Demystifying the ecology and evolution of Fiji’s forest birds

The evolution and ecology of island biota have captivated scientists for centuries. Thanks to their central role in establishing the theory of natural selection as an evolutionary principle, Darwin’s finches of the Galapagos Islands are world-famous. They are an assemblage of 17 species that evolved over the past 1.5 million years with a range of beak sizes and shapes suited for different ways of feeding. The beaks and behaviours of these finches are adapted to utilize various food resources (insects, seeds, fruits etc.) in different ways.

The Fiji archipelago is an island group in the Pacific Ocean that is much older, having emerged from the ocean at least 26 million years ago, compared with the younger Galapagos Islands, which are only about 3 million years old. With 66 land bird species, of which 34 are endemic, Fiji even has a slightly higher bird diversity than the Galapagos. However, while some land birds on the Galapagos have been well studied, little remains known about the ecology and evolution of Fiji’s native and endemic forest species.

PhD student Alivereti Naikatini (Fig. 1) at the University of the South Pacific is trying to change that. He is collecting data about the distribution and behaviour of forest species and investigating what these data are telling us about the ecology and evolution of Fiji’s bird fauna. Alivereti is an experienced ornithologist, investigating the relationship between food resources and bird abundance in his Masters research project, undertaking countless bird surveys, and assisting many ornithologists from outside his home country with their studies. He is also an excellent naturalist, with extensive and deep knowledge of Fiji’s fauna and flora. His project is supervised by Gilianne Brodie, Sonia Kleindorfer, and Gunnar Keppel. Recently published papers from his PhD show the importance of secondary forest for the conservation of Fiji’s land birds and the role that niche partitioning played in their evolution.

Fig. 1: Alivereti Naikatini with a New Holland Honeyeater near Adelaide in 2019. (Photo: Sonia Kleindorfer)

More than 50% of Fiji’s forests have been converted into grasslands, agricultural land, and secondary forests but it is not known how suitable these habitats are for land birds. Using annual bird surveys in the same locations over 5 years (2016–2020), Alivereti showed that species composition and bird abundance differed between forested and grassland habitats, but not between primary, secondary, and plantation forests. Foraging guild composition also differed between forested and grassland habitats, with granivores (birds feeding on seeds) and introduced species being more prevalent in grassland. Therefore, any kind of forest cover provides valuable habitat for Fiji’s land bird species.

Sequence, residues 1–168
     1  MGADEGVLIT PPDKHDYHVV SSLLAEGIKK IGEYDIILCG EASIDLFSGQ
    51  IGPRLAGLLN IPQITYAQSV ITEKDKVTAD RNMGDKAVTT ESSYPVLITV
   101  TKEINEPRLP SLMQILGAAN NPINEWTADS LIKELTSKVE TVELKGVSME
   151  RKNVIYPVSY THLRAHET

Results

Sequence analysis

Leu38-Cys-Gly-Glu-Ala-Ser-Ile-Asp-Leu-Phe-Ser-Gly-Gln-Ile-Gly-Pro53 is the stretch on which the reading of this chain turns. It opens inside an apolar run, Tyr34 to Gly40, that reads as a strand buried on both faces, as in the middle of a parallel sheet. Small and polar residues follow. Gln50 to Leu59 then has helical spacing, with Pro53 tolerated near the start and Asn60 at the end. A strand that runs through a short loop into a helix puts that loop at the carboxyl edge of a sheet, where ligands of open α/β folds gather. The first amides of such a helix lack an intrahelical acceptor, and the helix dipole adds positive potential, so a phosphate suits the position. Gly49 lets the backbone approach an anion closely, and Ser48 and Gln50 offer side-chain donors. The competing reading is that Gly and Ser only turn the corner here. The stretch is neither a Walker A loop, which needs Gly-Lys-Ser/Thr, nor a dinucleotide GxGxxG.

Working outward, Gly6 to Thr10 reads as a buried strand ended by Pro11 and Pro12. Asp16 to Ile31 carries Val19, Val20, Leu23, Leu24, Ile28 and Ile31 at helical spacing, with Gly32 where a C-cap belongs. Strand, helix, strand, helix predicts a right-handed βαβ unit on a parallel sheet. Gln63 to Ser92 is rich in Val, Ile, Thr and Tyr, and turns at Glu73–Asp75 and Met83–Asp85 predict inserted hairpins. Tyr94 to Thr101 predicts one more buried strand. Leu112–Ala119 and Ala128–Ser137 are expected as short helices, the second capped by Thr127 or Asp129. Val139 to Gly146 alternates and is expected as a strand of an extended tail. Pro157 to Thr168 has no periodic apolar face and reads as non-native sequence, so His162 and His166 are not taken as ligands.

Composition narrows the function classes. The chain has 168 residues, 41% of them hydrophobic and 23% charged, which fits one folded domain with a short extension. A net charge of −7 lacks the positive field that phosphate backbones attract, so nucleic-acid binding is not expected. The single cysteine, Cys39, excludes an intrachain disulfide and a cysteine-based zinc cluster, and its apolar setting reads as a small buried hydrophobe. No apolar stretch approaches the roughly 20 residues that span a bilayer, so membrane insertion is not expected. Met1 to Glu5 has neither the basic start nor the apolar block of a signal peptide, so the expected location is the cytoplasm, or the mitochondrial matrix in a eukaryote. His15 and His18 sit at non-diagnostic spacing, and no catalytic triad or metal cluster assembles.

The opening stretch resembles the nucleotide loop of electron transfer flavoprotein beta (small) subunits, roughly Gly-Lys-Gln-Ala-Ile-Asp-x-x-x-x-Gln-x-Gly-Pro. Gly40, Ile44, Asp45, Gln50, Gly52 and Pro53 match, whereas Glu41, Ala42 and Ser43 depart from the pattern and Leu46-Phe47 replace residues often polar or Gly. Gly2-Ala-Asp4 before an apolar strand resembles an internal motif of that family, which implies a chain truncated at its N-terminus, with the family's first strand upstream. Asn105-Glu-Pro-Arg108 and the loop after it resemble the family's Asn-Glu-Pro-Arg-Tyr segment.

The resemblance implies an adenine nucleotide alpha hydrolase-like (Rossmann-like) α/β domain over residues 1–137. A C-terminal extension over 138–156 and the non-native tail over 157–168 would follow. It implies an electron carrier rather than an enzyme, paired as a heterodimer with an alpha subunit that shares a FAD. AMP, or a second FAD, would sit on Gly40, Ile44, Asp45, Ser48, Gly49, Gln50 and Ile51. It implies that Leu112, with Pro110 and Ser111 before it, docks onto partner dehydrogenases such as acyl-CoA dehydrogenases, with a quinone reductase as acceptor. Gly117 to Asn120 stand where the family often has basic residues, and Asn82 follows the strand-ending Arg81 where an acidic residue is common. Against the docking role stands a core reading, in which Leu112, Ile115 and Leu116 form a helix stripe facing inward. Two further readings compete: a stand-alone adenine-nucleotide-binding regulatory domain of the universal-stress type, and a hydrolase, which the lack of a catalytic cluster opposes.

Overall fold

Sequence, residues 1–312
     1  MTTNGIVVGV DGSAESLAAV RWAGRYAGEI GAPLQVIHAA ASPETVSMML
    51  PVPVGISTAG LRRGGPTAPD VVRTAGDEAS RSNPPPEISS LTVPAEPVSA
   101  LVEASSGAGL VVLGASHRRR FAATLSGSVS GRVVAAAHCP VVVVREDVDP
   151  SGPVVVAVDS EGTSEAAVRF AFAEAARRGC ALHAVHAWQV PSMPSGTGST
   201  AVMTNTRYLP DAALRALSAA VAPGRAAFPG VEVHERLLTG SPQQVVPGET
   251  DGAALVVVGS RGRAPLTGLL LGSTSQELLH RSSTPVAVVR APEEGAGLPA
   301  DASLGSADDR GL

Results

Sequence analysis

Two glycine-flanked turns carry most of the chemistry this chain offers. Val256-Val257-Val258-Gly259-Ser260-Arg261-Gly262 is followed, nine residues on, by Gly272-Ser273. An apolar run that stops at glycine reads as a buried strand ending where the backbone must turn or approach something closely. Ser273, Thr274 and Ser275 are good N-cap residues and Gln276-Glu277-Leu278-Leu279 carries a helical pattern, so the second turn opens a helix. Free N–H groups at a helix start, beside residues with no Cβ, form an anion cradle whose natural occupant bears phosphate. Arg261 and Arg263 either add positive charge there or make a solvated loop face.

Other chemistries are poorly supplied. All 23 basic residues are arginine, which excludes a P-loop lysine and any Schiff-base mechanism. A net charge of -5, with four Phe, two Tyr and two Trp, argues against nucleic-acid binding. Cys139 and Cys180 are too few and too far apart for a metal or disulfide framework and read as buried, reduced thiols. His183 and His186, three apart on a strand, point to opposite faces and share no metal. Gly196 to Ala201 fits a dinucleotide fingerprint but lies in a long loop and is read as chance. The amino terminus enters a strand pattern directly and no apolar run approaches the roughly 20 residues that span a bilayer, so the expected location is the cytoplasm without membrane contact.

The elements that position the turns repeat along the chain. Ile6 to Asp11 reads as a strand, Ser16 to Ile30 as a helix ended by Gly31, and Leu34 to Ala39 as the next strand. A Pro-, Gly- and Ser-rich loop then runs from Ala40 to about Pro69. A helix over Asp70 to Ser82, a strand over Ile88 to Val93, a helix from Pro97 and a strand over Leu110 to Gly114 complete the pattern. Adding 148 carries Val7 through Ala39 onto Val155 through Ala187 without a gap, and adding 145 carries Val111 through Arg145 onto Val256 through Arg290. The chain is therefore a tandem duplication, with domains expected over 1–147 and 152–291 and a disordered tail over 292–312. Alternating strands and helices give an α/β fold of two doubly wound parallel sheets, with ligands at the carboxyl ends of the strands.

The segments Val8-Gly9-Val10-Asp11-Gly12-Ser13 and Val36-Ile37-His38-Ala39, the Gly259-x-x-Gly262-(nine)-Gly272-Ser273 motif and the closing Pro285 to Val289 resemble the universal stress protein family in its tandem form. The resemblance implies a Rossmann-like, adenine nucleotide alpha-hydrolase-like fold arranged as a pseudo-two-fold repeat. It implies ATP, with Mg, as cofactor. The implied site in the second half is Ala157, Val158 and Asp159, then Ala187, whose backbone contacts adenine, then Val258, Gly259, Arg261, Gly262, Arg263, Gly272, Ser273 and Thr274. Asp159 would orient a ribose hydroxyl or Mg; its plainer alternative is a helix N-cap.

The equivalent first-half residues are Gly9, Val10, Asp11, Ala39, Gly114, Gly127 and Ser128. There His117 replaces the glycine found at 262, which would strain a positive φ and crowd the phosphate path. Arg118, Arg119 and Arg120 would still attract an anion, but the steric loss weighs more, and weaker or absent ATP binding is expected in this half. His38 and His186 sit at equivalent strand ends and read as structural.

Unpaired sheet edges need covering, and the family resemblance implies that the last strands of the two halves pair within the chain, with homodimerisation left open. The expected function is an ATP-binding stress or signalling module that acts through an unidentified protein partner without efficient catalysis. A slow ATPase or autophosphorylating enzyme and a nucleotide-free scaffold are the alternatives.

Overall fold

To investigate if the utilization of different niches to reduce interspecific competition may have facilitated the speciation and coexistence of land birds in Fiji, Alivereti explored whether interspecific foraging behaviour in Fiji’s forest birds overlapped. Looking at three species of nectarivores (birds that feed on the nectar of flowers), two species of insectivores (feed on insects), and two species of omnivores (broad diet), he documented vertical partitioning of foraging in each group, supporting niche partitioning as a result of interspecific competition. To further investigate the importance of interspecific competition, Alivereti further investigated the nectarivores by comparing the heights at which the Orange-breasted Myzomela (Myzomela jugularis, Fig. 2) honeyeater on Viti Levu and Leluvia islands. Viti Levu is Fiji’s largest islands and has three honeyeater species, while on the coral atoll of Leleuvia the Orange-breasted Myzomela has no competitors. As predicted, the Orange-breasted Myzomela occupied a broader vertical foraging niche on Leluvia Island in the absence of the competitor honeyeater species. The findings support the importance of interspecific competition in creating niche divergence that can lead to ecological speciation in Fiji and on islands in general.

Fig, 2. Orange-breasted myzomela (Myzomela jugularis) on Hibiscus flower. (Photo: Aviceda at English Wikipedia, CC BY 3.0)

Further Reading:

Naikatini AN, Keppel G, Brodie G, Kleindorfer S. (early view) Avian diversity and abundance across years: consistent patterns in forests but not grasslands on Viti Levu, Fiji. Pacific Conservation Biology. https://doi.org/10.1071/PC21039

Naikatini AN, Keppel G, Brodie G, Kleindorfer S. (2022) Interspecific competition and vertical niche partitioning in Fiji’s forest birds. Diversity 14: 223. https://doi.org/10.3390/d14030223

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